Jobs Growth Continues but Slowing in BMW regions

The latest CSO Quarterly National Household Survey was released yesterday. This data refers to the period Quarter 2 (April-June) 2016.

The overall picture is quite positive with the number of people at work increasing by 2.9% in the past year (Q2 2015–Q2 2016).  This is almost identical to employment growth in the previous year, 3% between Q2 2014 and Q2 2015.  There seems to be a steady continuation of jobs growth nationally.

Regional patterns of employment growth

As with all national data, if you drill down to regional level you find some interesting differences.  Fig. 1 shows employment growth in each of the eight NUTS3 Irish regions over the past two years. In the most recent year (Q2 2015-Q2 2016) regional employment growth ranged from 4.3% in Dublin to just 0.5% in the Midland region.  While Dublin, the Mid-East, South East and Mid-West all had higher growth than the national average, employment in the Midland, South-West and West regions increased by under 1%.

Fig. 1: Percentage change in number of people in employment by NUTS3 region, Q2 2014–Q2 2015 and Q2 2015–Q2 2016. Source: CSO, Quarterly National Household Survey, Q2 2016

Fig. 1: Percentage change in number of people in employment by NUTS3 region, Q2 2014-Q2 2015 and Q2 2015-Q2 2016. Source: CSO, Quarterly National Household Survey, Q2 2016

Compared with a year previously (Q2 2014-Q2 2015), Dublin, the Mid-East and Mid-West experienced higher growth; in all other regions it was lower. The Greater Dublin Area (Dublin and Mid-East) in particular experienced far greater jobs growth from 2015 to 2016 than it had the previous year.  The Border and South-West meanwhile had very substantially lower growth.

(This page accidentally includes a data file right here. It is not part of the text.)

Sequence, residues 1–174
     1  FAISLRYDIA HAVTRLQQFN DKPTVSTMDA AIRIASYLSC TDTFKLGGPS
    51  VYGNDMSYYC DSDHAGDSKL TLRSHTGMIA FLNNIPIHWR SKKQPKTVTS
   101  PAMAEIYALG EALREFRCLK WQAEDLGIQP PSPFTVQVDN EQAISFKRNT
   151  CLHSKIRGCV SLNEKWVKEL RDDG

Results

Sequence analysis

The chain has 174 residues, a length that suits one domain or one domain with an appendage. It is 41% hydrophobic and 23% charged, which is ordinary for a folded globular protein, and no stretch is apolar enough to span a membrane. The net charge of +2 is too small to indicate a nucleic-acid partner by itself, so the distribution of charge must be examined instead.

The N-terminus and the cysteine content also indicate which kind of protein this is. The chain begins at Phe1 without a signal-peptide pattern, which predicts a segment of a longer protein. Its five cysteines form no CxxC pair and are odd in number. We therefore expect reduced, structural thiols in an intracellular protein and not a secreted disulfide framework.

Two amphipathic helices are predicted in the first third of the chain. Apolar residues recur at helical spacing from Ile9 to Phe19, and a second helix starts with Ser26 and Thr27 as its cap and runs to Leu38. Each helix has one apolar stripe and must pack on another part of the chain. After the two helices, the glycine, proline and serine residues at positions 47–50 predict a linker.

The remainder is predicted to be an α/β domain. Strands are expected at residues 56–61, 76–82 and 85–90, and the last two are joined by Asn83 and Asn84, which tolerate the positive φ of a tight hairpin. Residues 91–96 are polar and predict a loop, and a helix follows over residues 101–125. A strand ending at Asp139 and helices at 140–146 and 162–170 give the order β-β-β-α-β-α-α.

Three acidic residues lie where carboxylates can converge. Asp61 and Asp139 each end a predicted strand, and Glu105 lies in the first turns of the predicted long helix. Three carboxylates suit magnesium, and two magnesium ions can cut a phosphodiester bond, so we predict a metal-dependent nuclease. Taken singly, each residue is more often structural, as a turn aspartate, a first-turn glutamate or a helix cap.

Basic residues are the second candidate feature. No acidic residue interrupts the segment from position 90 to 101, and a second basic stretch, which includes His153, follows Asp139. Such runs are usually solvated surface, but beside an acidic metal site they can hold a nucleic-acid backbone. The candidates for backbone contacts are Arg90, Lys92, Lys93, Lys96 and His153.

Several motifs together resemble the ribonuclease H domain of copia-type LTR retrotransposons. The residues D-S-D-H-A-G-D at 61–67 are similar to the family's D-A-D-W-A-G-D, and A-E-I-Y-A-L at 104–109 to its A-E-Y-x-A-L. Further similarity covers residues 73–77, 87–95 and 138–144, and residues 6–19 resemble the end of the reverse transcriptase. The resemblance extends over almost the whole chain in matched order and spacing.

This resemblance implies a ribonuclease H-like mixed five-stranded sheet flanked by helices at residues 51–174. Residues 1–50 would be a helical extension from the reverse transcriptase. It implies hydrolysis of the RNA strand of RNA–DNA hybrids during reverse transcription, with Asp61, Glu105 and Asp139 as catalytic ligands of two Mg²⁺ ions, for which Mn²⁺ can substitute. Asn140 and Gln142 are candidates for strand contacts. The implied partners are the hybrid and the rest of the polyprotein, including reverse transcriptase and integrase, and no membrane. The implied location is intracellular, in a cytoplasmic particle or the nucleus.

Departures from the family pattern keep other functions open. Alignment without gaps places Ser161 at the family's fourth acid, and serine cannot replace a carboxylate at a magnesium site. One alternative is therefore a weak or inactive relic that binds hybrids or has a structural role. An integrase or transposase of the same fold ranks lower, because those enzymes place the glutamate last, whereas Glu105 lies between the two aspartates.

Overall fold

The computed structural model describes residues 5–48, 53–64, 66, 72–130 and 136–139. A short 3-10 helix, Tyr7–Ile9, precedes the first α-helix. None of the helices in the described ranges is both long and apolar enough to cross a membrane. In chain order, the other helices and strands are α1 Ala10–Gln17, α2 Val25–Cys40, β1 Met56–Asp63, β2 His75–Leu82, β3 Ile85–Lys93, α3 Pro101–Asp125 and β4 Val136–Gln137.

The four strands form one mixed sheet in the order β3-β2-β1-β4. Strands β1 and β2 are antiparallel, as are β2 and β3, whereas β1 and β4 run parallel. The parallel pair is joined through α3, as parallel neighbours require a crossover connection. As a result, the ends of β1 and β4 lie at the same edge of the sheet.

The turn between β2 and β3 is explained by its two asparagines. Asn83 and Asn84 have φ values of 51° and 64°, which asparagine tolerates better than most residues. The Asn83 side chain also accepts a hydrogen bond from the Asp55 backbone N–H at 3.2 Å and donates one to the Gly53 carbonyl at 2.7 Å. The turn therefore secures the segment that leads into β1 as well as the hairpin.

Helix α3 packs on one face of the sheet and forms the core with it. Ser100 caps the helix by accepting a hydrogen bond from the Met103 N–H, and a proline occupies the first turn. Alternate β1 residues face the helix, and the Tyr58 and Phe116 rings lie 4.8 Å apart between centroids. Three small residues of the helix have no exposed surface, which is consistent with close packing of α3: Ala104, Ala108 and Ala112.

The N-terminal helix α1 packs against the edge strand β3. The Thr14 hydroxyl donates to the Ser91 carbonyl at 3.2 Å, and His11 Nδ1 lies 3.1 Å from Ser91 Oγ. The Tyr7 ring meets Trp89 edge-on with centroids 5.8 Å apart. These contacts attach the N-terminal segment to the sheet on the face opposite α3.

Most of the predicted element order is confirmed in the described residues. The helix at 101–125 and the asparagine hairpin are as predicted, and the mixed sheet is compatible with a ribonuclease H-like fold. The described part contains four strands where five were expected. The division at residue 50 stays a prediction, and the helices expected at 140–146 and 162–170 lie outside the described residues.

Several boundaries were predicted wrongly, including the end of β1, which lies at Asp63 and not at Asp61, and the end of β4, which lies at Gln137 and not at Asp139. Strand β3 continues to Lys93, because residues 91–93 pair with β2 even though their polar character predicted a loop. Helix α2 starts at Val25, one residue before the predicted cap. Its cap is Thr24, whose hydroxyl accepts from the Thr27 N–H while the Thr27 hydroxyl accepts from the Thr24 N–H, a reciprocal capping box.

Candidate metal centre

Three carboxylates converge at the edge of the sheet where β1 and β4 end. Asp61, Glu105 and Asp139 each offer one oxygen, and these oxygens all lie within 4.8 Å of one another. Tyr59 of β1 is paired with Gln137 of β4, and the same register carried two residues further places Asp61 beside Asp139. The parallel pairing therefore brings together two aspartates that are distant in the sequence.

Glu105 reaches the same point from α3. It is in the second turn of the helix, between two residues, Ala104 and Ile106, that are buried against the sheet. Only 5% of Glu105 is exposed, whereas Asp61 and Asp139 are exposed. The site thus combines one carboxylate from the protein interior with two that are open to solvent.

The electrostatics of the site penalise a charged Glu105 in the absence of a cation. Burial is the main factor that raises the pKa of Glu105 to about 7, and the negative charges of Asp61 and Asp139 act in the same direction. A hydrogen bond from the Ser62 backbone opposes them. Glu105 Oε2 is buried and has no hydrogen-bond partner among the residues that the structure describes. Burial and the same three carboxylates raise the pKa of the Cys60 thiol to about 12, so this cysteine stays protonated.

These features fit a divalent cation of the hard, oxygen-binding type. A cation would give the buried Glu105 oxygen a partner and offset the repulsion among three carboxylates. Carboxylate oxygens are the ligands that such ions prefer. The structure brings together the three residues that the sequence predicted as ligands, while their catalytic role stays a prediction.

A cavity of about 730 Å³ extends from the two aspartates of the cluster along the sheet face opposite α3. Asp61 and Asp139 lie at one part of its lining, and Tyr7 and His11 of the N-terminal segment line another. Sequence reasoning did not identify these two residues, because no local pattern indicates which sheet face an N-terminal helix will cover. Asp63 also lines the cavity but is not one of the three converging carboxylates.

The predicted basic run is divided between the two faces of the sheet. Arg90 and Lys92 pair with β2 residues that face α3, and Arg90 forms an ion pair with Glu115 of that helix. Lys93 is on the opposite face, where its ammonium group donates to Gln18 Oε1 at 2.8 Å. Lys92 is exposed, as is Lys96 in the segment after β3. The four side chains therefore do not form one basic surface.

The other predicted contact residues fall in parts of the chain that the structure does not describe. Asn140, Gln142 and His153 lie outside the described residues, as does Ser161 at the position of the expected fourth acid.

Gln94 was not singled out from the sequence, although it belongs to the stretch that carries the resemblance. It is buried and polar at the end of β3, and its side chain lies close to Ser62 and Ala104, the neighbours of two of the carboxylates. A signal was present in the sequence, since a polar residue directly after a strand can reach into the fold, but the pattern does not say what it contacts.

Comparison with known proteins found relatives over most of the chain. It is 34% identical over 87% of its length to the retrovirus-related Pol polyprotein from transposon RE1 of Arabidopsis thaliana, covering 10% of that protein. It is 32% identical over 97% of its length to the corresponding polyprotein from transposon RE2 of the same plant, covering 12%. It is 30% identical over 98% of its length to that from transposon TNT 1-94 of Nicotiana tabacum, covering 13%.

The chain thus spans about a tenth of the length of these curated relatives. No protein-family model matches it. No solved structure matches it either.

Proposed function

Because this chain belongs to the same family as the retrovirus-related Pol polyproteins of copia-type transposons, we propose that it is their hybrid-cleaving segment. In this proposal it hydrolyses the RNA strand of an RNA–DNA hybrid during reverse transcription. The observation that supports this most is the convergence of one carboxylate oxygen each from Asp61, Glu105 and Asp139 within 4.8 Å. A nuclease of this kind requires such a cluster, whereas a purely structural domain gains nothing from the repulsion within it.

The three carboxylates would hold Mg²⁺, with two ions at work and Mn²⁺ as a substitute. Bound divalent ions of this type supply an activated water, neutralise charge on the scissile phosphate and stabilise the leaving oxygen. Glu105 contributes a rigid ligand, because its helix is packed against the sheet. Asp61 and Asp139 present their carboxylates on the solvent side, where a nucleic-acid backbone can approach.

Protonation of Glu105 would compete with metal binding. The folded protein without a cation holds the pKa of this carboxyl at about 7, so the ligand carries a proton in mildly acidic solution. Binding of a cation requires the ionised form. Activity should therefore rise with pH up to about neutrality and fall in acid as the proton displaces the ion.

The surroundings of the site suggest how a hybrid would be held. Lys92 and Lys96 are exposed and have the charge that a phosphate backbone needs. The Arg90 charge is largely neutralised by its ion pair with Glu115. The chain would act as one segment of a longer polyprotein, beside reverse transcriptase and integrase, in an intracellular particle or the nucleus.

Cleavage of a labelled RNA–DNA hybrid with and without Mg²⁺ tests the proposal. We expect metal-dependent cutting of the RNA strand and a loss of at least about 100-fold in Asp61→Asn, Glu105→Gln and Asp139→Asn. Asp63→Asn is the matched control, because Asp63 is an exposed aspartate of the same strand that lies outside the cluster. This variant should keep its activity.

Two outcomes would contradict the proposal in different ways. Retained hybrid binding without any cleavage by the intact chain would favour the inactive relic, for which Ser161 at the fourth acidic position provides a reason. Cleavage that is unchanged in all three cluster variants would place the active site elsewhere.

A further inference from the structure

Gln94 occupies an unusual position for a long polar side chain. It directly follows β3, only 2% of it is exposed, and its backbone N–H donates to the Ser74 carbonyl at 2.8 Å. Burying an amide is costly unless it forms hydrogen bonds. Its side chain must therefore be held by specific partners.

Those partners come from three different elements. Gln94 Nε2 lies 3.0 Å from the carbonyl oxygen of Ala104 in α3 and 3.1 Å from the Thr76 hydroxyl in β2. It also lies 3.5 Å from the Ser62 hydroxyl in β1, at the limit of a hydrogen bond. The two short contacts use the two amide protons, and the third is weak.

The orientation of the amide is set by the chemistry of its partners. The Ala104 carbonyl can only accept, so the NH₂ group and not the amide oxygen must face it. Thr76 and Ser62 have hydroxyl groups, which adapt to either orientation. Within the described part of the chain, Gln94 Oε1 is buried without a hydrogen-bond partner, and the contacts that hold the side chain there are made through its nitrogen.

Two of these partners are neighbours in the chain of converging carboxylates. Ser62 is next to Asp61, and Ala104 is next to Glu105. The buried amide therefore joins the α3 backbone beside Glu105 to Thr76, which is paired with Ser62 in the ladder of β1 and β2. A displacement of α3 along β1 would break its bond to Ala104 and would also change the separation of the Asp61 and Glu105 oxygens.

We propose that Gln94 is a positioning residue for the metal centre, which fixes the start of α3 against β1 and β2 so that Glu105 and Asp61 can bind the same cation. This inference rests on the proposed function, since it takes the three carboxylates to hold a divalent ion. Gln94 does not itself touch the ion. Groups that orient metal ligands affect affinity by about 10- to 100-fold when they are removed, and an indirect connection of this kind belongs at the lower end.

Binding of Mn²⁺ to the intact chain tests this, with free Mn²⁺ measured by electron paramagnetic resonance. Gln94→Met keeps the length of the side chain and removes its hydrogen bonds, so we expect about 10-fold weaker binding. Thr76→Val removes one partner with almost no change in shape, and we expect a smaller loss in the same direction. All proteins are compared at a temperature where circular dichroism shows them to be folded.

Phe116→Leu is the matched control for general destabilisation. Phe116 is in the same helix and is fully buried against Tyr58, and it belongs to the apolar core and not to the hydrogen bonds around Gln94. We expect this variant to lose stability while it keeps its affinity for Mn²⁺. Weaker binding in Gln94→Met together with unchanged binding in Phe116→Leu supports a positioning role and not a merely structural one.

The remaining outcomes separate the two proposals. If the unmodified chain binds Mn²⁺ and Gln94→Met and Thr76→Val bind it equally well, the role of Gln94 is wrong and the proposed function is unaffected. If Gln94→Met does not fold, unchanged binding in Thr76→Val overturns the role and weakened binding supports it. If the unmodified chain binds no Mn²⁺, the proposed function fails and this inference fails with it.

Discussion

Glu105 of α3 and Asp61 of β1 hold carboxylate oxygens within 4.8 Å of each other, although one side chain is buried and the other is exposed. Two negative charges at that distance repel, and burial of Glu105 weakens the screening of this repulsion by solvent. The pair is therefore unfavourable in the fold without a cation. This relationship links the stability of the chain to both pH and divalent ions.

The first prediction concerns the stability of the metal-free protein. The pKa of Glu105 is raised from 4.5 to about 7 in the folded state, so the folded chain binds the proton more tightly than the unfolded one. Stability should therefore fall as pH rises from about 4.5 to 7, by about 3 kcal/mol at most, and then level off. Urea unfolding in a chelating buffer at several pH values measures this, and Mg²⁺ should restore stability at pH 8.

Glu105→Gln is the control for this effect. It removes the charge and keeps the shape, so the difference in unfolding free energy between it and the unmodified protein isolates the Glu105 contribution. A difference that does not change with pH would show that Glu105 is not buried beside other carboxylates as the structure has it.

When examining statistics at a smaller scale of course, they are more prone to fluctuation across years e.g. a major factory closure or opening in a year can strongly influence growth/decline in a region. However, there does seem to be a general pattern of some slow-down in jobs growth in the Border, Midland and West (BMW) region, as well as the South-West, over the past year.

Regional unemployment rates

In Q2 2016, unemployment rates ranged from 10.8% in the South East to 6.9% in the neighbouring Mid-East (Fig. 2). The three BMW regions also had unemployment rates above the national average.

Fig. 2: ILO unemployment rate in NUTS3 regions, Q2 2016 (not seasonally adjusted). Source: CSO, Quarterly National Household Survey, Q2 2016

Fig. 2: ILO unemployment rate in NUTS3 regions, Q2 2016 (not seasonally adjusted). Source: CSO, Quarterly National Household Survey, Q2 2016

Tracking unemployment rates since 2007 (Fig. 3) it is clear that the South East and Midland regions have consistently shown the highest unemployment rates, though they are following the general pattern of decline since 2012.  The Mid-east, Mid-West and South West showed the steepest declines in their unemployment rates over the past year.  The first two also had strong employment growth (see Fig. 1 above).